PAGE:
Compilation of photos showing the aftermath of the Hama massacre of 1982
This way, the regime have even been sort of an obstacle to the Palestinian Resistance. When Yasser Arafat attempted to distance himself from Hafez al Assad at the beginning of the Lebanon war, the Syrian Army bombed and massacred Palestinian refugee camps. An example can be seen in the infamous Siege of Tel El Zaatar, where anywhere from 1500 to 3000 Palestinians were killed by the Syrians and Maronite militias they allied themselves with. Do keep in mind that Tel el Zaatar was a Palestinian refugee camp. This goes to show how important of a propaganda tool the Palestinian cause was to Assad SR; that he would be willing to kill thousands of his own allies in order to keep said propaganda tool. Furthermore, this is more sufficient evidence that Assad was reliant on the Palestinian cause to legitimize his regime.
It must also be noted that in the 2000’s, the Assad government was very close to making peace with Israel. Now, through the strong propaganda machine and the killings and torture of thousands of political opponents, the Assad clan had consolidated their power enough that they didn’t need a reason to legitimize their brutal rule. At this point, most Syrians had lived their whole lives under the reign of the Assads, so there was no need for Bashar to justify his rule. Now, his government could throw the Palestinian card out the window. But just when peace was about to be made, the Arab spring happened, Syrians took to the streets and once again Palestinian flags were being flown at government events, military parades, Bashar’s speeches and even in propaganda music videos. Here we see that the more pressure the Assad government is under and the more disdain the people show for it, the more support for Palestine comes out.
Numerous Palestinian flags are seen waving during a speech by Bashar al Assad on the 11th of January 2012.
The worst part of all of this is that the Syrian government is of no real assistance to the Palestinians whatsoever. Although there is a sizeable population of Palestinians living in Syria (around 3% of the total population), they are not given citizenship,which effectively makes them stateless, with the inability to travel abroad. In addition to this, they do not have the right to vote in any elections, and are only allowed to purchase one home and no arable land. The Palestinian militias in Syria do not fight Israel and are used by the Assad government as soldiers for their government, fighting rebels on Assad’s command, which has caused many Palestinians to defect. One Palestinian commander stated “I felt we had become soldiers for the Assad regime, not guards of the [refugee] camps, so I decided to defect”. Hundreds have died in the Yarmouk Camp outside Damascus, which houses the largest Palestinian community in the country, due to Syrian Army shelling. These “Fedayeen” sponsored by the Assad government are regarded as phony by all legitimate Palestinian organizations and their leaders have been denounced and excommunicated by the Palestinian Resistance.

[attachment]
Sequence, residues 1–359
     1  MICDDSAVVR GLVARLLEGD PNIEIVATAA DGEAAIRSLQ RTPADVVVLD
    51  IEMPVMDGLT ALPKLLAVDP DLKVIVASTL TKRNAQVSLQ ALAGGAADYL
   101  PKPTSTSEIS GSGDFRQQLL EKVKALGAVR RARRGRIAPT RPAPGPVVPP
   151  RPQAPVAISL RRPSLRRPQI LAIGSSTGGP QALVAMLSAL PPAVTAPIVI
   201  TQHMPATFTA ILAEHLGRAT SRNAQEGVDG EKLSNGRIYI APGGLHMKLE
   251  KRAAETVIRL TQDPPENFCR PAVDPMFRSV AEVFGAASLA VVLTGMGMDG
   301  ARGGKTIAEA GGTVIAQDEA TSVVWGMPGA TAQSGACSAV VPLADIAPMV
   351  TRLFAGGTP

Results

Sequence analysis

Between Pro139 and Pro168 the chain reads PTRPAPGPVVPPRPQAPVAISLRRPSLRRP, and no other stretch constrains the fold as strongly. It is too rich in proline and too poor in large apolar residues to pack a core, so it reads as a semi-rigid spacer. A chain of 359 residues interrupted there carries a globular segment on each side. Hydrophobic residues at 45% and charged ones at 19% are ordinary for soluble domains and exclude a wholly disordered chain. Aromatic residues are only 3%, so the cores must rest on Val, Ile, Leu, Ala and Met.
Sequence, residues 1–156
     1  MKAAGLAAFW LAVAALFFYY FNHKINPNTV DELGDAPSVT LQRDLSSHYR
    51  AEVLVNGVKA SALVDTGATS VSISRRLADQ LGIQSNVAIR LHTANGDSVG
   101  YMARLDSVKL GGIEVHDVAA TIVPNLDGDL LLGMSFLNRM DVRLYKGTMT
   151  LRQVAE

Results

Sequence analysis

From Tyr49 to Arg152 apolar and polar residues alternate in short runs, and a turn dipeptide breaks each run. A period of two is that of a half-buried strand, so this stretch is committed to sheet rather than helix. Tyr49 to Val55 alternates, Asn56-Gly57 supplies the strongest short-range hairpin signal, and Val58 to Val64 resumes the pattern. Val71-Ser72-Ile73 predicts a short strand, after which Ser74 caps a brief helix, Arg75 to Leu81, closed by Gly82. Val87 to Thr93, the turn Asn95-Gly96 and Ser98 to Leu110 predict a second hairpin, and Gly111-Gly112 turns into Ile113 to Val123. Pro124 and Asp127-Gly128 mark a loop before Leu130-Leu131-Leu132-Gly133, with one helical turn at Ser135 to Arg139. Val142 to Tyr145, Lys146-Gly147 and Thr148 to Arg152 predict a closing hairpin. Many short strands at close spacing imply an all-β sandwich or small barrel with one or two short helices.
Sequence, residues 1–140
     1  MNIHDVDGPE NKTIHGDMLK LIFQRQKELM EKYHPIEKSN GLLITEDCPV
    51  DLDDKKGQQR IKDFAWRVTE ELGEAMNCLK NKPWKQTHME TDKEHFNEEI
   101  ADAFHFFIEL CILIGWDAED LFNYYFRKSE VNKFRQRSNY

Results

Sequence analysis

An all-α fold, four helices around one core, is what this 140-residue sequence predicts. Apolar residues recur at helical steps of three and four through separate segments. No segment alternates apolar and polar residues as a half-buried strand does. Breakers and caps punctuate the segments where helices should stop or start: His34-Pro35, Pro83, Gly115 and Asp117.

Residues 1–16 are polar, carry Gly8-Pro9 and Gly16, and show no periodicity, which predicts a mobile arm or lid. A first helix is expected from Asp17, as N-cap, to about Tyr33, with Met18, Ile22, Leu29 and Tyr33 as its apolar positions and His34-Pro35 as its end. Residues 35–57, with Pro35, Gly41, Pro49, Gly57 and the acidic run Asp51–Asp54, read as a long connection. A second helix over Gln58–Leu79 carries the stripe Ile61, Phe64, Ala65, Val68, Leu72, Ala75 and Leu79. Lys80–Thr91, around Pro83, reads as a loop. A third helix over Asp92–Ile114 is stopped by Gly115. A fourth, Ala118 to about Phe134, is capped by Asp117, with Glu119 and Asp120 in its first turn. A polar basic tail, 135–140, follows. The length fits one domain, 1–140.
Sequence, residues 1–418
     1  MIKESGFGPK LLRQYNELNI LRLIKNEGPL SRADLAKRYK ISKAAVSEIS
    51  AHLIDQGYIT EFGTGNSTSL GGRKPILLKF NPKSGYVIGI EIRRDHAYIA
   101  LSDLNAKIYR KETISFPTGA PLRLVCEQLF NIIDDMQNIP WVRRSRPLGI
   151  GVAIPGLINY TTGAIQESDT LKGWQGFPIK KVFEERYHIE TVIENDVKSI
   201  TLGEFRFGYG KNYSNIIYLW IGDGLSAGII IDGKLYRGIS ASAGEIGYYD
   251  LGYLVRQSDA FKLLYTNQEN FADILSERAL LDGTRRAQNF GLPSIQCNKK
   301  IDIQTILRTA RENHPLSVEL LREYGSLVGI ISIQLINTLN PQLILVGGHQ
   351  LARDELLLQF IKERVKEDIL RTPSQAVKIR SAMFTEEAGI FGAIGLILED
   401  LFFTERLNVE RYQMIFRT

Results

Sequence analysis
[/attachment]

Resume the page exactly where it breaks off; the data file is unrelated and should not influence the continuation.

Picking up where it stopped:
In conclusion, the existence of the Zionist Entity is very beneficial for the Assad regime to the point where it is reliant on it to receive any legitimacy from the Syrian people and its neighbours. The threat of Israel has been used as the biggest propaganda advantage to Hafez Assad and he used it to denounce his opposition and commit human rights abuses. Now, with the civil war wreaking havoc in his country, his son Bashar is following in his father’s footsteps. Whether the Syrian government has ever secretly allied itself with the state they claim to hate so much is a question for another day, but one thing is for certain; the Syrian government uses a cause of anti-oppression to oppress its own people.
Bashar Al Assad is dependent on Israel for his regimes survival, but not for the reason you think. was originally published in mrkailani.com on Medium, where people are continuing the conversation by highlighting and responding to this story.